All in all, it was a very fun trip. It's the first time I've had someone to ride all these coasters with me and really enjoy it: Ali was a great riding buddy all the way through, and I'm looking forward to going back with her before the end of the season.

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Six Flags St. Louis has that Batman ride as well. What I always liked about it was that it was comfortable to ride. I had a friend riding with me once at the park and she wasn't that comfortable about coasters. But the Batman is about the smoothest ride ever on a coaster. It's pretty good for people who've never been on coasters or don't much like them, once they watch for a bit and get over the fact that it goes upside down.

The floorless aspect, I actually do enjoy. On the lift on the way up, it's fun to look down and see the park beneath you. And yes, when you are in the front, there's nothing out in front of you and it's an interesting view.

*wishes she had time for an impromptu SF visit*

Yeah; That's a general thing for modern B&M rides, I think. Raging Bull is another B&M ride, and I *love* the restraints on that one -- just lap restraints, but the clamshells don't pinch you in any crappy places like almost every coaster does. The coasters are smooth, don't jerk you around, don't bang your head around, etc.

I can totally see the 'not having a floor' thing, but I prefer suspended coasters for that. Part of the reason why I find Mind Eraser so damn *frustrating* is because I generally love suspended coasters, but can't enjoy that one at all. But I do realize that in the front row, it probably makes a lot more difference.

Do you have a car? Do you have weekends free? The St. Louis park isn't *that* far; if you've got weekends free, you can probably get down there, though of course it does cost money. I really *loved* St. Louis when I got to go: Mr. Freeze was an incredible ride, and there is that big wooden coaster along the back of the park that's just a classic ride, taking advantage of the hills we don't have out here. I'd love to get back there again.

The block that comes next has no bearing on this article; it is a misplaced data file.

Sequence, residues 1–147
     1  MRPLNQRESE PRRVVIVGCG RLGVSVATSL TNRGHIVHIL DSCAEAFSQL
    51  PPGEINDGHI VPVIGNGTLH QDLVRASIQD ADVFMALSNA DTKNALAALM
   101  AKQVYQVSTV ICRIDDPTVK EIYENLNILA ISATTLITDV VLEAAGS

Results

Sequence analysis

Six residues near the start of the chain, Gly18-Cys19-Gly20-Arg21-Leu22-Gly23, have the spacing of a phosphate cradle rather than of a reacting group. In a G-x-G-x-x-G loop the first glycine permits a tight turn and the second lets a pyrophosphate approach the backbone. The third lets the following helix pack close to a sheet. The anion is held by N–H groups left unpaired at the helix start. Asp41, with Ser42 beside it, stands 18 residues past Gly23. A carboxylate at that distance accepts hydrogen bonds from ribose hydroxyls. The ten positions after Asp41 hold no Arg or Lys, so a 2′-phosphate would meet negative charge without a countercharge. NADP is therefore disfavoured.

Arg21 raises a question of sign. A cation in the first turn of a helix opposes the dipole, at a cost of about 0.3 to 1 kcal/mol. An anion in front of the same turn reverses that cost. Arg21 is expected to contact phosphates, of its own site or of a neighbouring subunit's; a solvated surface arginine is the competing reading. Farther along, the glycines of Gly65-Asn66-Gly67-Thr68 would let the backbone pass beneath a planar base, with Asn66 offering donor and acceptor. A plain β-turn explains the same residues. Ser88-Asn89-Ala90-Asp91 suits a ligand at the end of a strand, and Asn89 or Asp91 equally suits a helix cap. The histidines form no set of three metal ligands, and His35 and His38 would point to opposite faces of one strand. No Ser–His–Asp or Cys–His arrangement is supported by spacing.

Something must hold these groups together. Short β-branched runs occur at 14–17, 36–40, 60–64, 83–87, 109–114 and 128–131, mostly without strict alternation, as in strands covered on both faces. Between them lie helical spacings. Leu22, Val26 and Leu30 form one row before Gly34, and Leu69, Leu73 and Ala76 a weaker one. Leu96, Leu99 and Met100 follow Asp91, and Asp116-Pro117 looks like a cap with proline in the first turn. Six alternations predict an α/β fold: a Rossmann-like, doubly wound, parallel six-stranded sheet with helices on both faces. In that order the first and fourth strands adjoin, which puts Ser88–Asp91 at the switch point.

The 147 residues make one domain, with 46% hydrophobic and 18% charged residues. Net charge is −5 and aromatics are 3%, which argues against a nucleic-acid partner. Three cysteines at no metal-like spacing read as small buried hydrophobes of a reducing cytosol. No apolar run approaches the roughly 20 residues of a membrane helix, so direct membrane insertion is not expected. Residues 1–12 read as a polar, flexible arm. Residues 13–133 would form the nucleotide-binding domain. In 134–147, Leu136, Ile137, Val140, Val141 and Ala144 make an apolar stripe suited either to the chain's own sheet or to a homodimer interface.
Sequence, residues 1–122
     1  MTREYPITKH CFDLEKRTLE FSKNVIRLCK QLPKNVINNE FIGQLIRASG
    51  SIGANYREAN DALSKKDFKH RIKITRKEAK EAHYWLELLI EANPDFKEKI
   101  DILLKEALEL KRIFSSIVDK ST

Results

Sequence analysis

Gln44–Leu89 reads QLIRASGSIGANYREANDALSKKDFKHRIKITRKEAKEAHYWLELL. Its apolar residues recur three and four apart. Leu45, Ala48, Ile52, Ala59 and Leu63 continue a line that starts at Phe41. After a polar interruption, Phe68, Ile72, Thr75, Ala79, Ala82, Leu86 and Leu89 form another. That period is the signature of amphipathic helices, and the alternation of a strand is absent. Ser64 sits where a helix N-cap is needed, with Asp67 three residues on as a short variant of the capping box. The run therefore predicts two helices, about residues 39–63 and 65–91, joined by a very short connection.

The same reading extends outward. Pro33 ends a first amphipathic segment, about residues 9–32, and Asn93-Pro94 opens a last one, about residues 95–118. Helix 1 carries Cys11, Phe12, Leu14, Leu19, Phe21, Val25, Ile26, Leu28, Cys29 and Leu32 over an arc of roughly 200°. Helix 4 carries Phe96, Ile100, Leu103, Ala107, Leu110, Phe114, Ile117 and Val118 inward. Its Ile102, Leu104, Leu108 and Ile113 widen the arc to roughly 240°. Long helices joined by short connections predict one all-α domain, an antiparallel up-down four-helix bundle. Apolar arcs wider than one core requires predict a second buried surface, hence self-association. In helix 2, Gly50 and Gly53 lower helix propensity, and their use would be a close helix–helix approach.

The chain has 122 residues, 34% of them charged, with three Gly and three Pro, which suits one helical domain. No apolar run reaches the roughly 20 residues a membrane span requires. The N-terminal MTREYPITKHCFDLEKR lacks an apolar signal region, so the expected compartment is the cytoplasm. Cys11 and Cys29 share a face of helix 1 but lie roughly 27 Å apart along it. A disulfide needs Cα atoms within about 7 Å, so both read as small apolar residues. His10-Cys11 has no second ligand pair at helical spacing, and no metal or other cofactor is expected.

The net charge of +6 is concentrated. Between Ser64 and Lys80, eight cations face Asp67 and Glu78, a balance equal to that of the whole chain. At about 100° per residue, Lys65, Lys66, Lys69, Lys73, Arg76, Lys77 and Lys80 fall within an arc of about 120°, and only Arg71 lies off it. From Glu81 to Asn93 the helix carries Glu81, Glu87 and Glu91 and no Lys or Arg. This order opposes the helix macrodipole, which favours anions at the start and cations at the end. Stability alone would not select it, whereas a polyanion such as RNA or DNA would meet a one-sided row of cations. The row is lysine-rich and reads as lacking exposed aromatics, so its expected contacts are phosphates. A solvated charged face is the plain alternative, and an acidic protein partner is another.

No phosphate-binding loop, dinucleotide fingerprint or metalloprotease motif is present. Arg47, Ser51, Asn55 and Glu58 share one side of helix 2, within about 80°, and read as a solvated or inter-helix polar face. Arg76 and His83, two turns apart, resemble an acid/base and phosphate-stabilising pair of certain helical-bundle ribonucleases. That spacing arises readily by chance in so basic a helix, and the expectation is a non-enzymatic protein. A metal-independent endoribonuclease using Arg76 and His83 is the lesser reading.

Part of it is money, part of it is school, but most of it is that I don't really have anyone to go with. My friends all have jobs around here (suckers). Mr. Freeze is pretty good, despite the short ride and long lines. The Screamin' Eagle is the wooden coaster in the back. They've also got The Boss, which is a newer wooden coaster that's a pretty wild ride.

Yeah, we actually got 'perfect' coaster riding weather: cold, drizzly, and crappy weather all day -- which meant that there were no lines for most of the day :)

Two of my favorite coaster rides ever were on that trip (which was a group thing with Allen Hall):
* Mr. Freeze, at about 8:30PM, totally dark out, front row, with rain falling, and a set of lights behind the coaster shooting beams of light into the sky, hitting a light drizzle of rain as we get to the peak of the ride.
* Coming up the hill on the screamin' eagle, and looking around and seeing all kinds of colors of leaves in the entire area, just as we crested the peak and headed down into the ride.

It was just an incredible trip: lots of fun.

I can sympathize with the 'people to go with' thing. Going on your own is something that I don't have a problem doing, but I really just love the coasters. It's *always* more fun with someone else, but going on your own can be fun too; and you can oftentimes get onto rides quicker by hopping on with someone else who is a single.

I really do wish they had a policy that singles could just come up the exit ramp, let the rie op know they're there, and skip right onto the rides; it would make going on your own more fun. Though they're really not in the business of trying to get people to ride more rides: they want more people buying concessions, they don't care about people riding rides :)

Do you guys have a craigslist? Maybe you could find someone to go with via that...

I'm so glad you found someone who loves roller coasters the way you do, and even happier that it's something to do with our daughter as she's entering her rocky years.

You're an awesome father.

(Deleted comment)
Nope. Never been. It's a trip I plan to do at some point, but it's always been a full day round trip from wherever I've lived, which makes getting there too costly to make it worth going there.